More dovetail and joinery hand tools than you can throw a stick at

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Derek Cohen (Perth Oz)

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I thought that I would post some pictures of a recent project, which may help those looking to choose the type of tools one needs for hand cut joinery, especially dovetailing.

The backstory here is that I have been re-organising my workshop, with a view to retiring from my practice in a couple of years, and downsizing to a smaller home (smaller garden to upkeep). This will necessitate a new workshop. So I began looking at the hand tools I have accumulated over 35 years, and deciding which of those would be kept and which would be sold or given away.

The best tools went into a cabinet I built into my bench ...

UnderbenchCabinetCompletionCabinet_html_140159d4.jpg


If curious, visit "Underbench Cabinet" on this index page: Furniture

Joinery saws were here: http://www.inthewoodshop.com/ShopMadeTools/OldNewSawTill.html

I was left with a number of tools, and decided that these would become the ones I take to wood shows and workshops, where I demonstrate joinery techniques. While I do this a reasonable amount, in the back of my head I have been hoping to interest my 29 year-old son in building furniture enough to present him with a "starter kit". I would have killed for this starter kit when I started out! Back then I really had very little. He is getting married soon, and looking to purchase a house, so the timing may be good. I am holding thumbs, but realise that it is likely that his wife is going to be the woodworker! Great daughter-in-law!

It began with this box, which I made 10 years ago to house 5 Veritas chisels (O1, not PMV-11), which had come along as part of a road test over several months (as many know, I have road tested Veritas tools for many, many years. Alf used to do this as well. Wish she was back on this forum).

That is the box closest the camera ...

14.jpg


The problem was that the chisels had grown to 7 (as I have "made" two extra) and no longer fitted into the box. So a new box was necessary ...

A feature of two of the boxes was mitred through dovetails, which make for an easier process when grooving for bottoms and sliding lids ..

1.jpg


By the way, no trees were killed for these boxes. They are all made from offcuts. Mostly Black Walnut, Hard Maple, Jarrah, and Jacaranda.

A box for 7 chisels. The thumb hole was carved with gouges ...

6.jpg


The chisels, held with rare earth magnets (the box must be carried and the chisels cannot move). The largest chisel here is 1". The 1/8" and fishtail were made from spare pre-production chisels ...

8.jpg


I do not think that Veritas make these O1 chisels anymore. The PM-V11 versions are better, but these O1 are simply wonderful.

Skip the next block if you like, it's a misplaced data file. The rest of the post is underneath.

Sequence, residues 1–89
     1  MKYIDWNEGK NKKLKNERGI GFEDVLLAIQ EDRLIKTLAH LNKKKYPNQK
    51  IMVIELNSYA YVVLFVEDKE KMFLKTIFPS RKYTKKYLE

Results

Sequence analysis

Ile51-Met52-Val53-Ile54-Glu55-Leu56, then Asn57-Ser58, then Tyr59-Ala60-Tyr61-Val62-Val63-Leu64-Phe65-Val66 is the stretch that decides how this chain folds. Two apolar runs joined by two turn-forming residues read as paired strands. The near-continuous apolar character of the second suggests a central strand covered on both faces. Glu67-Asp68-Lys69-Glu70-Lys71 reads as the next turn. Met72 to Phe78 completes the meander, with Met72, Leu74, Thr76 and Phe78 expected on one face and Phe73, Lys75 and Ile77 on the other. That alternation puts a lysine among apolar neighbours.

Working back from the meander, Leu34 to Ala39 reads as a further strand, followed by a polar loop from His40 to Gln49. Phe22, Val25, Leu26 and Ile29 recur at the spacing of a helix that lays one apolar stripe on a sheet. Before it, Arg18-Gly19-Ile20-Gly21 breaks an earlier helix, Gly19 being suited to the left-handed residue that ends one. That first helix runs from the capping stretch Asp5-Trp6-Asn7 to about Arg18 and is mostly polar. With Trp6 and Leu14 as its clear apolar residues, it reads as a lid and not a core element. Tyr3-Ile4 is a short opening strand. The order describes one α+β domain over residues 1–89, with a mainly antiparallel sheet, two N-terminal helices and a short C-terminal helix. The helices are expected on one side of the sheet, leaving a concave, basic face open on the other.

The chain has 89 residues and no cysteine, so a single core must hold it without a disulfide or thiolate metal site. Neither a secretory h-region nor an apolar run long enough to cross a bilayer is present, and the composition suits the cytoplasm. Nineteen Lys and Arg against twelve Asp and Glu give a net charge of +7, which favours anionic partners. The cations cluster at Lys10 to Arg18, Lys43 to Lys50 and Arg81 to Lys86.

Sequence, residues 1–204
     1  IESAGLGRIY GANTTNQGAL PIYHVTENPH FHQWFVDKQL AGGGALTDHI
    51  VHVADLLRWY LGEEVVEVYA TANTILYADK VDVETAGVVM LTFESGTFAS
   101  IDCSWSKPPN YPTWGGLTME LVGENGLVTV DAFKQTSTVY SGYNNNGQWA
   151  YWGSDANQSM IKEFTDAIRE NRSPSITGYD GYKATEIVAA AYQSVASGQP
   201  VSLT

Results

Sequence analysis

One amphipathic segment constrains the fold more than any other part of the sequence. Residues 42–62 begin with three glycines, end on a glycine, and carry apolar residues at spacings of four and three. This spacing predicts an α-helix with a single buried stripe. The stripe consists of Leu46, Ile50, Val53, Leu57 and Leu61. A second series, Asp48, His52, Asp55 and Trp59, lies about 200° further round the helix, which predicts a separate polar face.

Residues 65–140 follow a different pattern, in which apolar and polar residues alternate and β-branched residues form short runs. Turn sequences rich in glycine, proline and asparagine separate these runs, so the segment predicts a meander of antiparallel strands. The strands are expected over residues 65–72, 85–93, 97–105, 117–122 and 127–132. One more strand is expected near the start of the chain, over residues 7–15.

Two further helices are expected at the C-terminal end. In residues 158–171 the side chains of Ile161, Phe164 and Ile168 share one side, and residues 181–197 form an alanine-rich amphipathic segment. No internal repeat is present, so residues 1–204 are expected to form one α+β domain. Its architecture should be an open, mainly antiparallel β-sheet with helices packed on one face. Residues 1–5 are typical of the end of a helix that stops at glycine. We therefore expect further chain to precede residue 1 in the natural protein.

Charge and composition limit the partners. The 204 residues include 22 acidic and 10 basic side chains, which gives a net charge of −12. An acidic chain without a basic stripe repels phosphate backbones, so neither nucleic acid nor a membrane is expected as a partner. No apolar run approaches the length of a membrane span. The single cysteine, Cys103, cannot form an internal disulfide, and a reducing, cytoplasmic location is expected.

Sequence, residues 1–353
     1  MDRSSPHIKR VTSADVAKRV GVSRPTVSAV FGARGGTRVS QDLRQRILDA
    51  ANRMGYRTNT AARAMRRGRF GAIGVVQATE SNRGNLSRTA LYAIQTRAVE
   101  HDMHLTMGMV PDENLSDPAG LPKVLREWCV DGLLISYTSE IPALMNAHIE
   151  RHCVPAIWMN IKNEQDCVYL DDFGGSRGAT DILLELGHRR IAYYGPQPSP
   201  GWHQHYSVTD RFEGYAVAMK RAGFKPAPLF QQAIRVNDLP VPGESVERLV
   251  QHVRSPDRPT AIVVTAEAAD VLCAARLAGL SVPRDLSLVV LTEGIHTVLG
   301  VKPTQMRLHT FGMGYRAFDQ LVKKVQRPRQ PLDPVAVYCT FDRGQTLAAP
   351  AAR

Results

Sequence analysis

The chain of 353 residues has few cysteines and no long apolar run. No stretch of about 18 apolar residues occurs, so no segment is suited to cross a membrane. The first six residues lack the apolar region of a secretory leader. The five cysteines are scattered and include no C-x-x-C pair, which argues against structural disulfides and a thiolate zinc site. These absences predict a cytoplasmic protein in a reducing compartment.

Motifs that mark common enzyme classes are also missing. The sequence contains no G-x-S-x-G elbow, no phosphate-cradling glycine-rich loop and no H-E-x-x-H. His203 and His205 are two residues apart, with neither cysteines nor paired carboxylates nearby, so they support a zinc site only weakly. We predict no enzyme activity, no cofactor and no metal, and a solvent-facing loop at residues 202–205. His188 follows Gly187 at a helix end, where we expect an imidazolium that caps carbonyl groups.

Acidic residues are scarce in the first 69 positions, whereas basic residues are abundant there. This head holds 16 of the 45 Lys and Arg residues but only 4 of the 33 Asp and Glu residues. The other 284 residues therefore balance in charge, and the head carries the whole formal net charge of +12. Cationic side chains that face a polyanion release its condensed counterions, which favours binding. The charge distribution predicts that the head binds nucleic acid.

Then came this box, in Walnut ...

1.jpg


Slide away the top to reveal two Veritas dovetail saws ...

6.jpg


One is 20 ppi, and this is optimal for thinner boards (up to 1/2"). The 14 ppi is intended for thicker material, say 3/4". It has rip teeth (like the 20 ppi) and can also be used for used for smaller tenons. The 20 ppi can also do muster as a crosscut saw. A very versatile duo - these are the absolute best value choices for those wishing to buy new Western saws.

Both these saws come with 14 degrees of rake. This is really intended for beginners or softer timbers than our Australian fare. I refiled the 14 ppi saw to 10 degrees of rake and gave the toe about 1 1/2" of 15 degrees of rake to make it start more easily.

The third box appears to have lost its open end :)

10.jpg


The corners here are simple mitres. The notable feature is is that there is no spline or reinforcing. Instead, the end grain corners are sized and glued.

Sizing involved a layer of glue on the end grain, allow to near-dry, then add fresh glue. The glue fills the straws and the joint avoids being glue-starved.

11.jpg


The opening to the top in at the end facing the camera.

Here is the finger pull ...

12.jpg


Knew Concepts 5" Titanium fretsaw with one of my custom handles (I helped design these saws, and bring them to production), and a kerfing chisel I designed and made. Article here on kerfing chisels: http://www.inthewoodshop.com/ShopMadeTools/KerfChisel.html

13.jpg


So what happened to Box #1? This was re-purposed to hold marking tools.

[Image: 15.jpg]
[Image: 16.jpg]


Inside are a two cutting gauges, a 12"/300mm combination square, a 4"/100mm double square, dividers, marking knife, sliding bevel, and two dovetail gauges.

As I said, more tools than one actually needs (ask Frank Klausz).

Regards from Perth

Derek
 
Last edited:

clogs

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Derek, thanks for ur posting above.....
due to my life style I never really wanted a joiners bench as most of my work life is in steel...
but I happily have ur's......stunning wood.....
 

Phill05

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Derek, Can I ask please under the the words" The third box appears to have lost its open end :) " the two images below what is the name of that white wood.
 

Derek Cohen (Perth Oz)

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Derek, Can I ask please under the the words" The third box appears to have lost its open end :) " the two images below what is the name of that white wood.

Phill